Spot the mistake: ‘Your my best friend!’
English is such a complicated language that many words may share similar pronunciations, but have completely different meanings! Here are some commonly confused words we have picked out. Do you know the difference between them?
Between is usually used when referring to two (or more) entities which are distinctly seperated.
e.g. Our classroom is between the Science Lab and the Music Room.
Among is usually used when referring to things which are part of a group, crowd, or mass of objects.
e.g. The registration list is lost among the piles of students worksheets.
Imply means to suggest or state indirectly. Usually a speaker is the one implying something.
e.g. Josh is implying that Ronald cheated in his examinations.
Infer means to draw a conclusion from what someone else had said. Usually the listener is the one inferring something.
e.g. We can infer from Josh’s tirade that Ronald had cheated in his examinations.
Than is a conjunction or preposition used to indicate comparison.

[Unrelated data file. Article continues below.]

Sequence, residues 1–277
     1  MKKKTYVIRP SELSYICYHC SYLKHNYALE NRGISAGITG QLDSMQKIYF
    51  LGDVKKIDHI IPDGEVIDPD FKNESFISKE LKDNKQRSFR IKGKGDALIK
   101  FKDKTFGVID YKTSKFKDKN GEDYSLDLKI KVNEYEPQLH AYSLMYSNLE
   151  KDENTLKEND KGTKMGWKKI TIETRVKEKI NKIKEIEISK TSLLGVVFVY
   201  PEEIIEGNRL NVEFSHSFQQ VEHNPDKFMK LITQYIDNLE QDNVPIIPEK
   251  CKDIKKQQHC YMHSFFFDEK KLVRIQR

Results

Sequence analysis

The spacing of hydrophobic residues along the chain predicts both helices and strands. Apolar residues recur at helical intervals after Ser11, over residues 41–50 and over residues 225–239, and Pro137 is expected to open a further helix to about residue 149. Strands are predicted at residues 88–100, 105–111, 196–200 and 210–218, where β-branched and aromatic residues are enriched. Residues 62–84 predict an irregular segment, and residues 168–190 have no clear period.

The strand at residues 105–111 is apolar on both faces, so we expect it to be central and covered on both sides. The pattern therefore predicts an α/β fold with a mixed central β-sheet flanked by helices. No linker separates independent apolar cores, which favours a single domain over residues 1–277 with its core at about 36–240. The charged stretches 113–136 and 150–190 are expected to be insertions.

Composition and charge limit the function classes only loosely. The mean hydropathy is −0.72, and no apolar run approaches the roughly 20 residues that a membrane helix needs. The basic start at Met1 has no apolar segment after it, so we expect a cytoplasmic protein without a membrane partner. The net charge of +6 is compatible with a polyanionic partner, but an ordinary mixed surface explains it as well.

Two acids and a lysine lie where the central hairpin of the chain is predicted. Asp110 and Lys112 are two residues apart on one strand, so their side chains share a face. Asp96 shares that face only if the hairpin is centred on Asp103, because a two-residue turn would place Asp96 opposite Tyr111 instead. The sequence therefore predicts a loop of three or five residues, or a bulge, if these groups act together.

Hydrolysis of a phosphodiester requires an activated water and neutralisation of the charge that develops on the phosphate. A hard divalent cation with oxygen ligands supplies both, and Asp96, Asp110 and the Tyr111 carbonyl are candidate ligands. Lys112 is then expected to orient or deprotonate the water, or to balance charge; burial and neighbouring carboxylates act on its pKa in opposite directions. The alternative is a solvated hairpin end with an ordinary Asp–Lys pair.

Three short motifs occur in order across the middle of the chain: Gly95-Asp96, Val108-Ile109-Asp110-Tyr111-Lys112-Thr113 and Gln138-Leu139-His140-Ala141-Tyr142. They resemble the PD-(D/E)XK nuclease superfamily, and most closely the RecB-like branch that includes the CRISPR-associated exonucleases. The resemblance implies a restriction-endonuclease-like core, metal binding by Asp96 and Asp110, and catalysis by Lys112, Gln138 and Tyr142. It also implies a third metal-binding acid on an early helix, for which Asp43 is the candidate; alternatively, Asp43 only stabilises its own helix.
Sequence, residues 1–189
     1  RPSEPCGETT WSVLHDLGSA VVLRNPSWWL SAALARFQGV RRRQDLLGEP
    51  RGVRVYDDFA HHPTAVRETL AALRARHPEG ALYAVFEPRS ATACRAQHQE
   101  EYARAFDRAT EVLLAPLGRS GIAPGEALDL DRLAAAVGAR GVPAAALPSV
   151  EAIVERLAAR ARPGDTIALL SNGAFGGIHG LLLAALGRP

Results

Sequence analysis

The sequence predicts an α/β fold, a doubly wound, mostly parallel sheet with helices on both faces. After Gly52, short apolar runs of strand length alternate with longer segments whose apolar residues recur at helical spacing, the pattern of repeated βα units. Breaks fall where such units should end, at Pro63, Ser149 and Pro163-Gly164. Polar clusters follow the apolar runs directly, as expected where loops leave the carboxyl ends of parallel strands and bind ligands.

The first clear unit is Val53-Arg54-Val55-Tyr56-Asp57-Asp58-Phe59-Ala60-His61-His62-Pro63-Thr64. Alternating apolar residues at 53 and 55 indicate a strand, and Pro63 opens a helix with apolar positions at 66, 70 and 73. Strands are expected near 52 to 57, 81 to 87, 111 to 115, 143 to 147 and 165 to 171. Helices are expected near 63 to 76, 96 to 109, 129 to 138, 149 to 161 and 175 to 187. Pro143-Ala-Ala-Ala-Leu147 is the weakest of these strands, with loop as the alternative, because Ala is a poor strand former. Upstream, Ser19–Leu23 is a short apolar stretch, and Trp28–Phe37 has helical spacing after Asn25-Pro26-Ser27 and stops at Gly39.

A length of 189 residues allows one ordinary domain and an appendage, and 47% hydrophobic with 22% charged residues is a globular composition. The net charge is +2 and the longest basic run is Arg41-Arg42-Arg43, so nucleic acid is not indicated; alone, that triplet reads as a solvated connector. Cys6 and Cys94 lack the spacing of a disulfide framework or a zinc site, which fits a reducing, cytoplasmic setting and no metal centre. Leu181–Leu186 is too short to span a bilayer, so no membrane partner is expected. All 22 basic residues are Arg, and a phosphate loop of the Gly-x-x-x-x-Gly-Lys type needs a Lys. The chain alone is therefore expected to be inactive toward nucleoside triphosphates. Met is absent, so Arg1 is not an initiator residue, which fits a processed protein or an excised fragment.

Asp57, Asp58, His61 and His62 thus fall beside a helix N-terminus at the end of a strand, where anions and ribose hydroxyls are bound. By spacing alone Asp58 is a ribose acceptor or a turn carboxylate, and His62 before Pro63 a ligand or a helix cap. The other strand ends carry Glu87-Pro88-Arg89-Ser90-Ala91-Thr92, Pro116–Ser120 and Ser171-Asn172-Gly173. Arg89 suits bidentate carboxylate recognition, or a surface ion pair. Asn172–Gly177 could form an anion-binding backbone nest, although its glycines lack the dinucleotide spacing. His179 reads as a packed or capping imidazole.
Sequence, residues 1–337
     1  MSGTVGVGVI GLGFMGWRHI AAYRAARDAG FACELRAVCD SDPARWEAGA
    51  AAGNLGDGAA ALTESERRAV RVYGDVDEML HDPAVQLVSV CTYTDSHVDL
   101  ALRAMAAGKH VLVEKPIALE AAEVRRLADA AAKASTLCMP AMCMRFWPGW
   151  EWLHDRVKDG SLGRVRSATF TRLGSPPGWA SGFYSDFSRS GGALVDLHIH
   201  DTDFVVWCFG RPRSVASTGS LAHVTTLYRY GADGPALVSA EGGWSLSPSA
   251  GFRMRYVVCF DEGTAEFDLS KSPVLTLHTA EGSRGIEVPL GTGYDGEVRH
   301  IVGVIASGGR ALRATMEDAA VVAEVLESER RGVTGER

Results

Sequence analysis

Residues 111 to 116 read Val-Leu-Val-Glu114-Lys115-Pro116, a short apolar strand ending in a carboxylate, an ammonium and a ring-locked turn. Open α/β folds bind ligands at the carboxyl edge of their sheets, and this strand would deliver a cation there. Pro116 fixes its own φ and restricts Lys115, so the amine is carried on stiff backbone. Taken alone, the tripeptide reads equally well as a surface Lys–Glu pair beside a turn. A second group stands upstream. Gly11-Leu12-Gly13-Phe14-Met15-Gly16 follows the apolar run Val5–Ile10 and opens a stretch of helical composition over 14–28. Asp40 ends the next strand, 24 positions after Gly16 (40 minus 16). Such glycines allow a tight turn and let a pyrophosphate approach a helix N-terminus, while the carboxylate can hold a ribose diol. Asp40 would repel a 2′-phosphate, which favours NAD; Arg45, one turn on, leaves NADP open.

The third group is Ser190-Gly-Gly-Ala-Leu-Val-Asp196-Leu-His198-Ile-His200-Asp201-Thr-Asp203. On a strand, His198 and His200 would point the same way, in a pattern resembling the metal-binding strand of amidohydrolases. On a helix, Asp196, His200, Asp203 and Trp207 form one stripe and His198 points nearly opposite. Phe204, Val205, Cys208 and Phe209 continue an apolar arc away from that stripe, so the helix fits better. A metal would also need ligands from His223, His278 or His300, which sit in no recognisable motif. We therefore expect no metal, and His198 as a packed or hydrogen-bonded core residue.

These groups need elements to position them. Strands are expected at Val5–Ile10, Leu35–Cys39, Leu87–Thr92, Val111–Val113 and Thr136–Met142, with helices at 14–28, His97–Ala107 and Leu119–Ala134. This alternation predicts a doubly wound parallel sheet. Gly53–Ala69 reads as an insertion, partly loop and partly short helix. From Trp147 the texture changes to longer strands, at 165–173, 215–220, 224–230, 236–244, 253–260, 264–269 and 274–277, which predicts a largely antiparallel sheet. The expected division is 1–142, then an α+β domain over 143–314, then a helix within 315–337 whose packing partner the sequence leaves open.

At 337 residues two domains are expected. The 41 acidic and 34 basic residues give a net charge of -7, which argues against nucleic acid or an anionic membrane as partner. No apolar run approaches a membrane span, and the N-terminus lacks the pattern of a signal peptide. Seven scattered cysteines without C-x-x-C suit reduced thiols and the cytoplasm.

e.g. Evelyn scored better than Tyler in the recent English test.
e.g. Please submit your homework no later than 7pm tonight.
Then can be an adjective, adverb or noun that indicates time or consequences.
e.g. Mechanical pencils were not available back then.
e.g. If you eat too much cake, then you won’t have room for dinner any more.
Weather as a noun refers to the atmospheric state, whereas weather as a verb usually means to withstand something.
e.g. The weather forecast for tomorrow does not look too good for picnics. [n.]
e.g. Ted had weathered a tough financial crisis during the pandemic. [v.]
Whether is a conjunction that is commonly used with ‘or’, linking up two possible choices or alternatives.
e.g. We are wondering whether it will be sunny or rainy tomorrow.
e.g. Whether he realises it or not, he is lucky to have a sister like you.
Your is a possessive adjective.
e.g. This is your pen.
You’re is a contraction of you are.
e.g. You’re my best friend!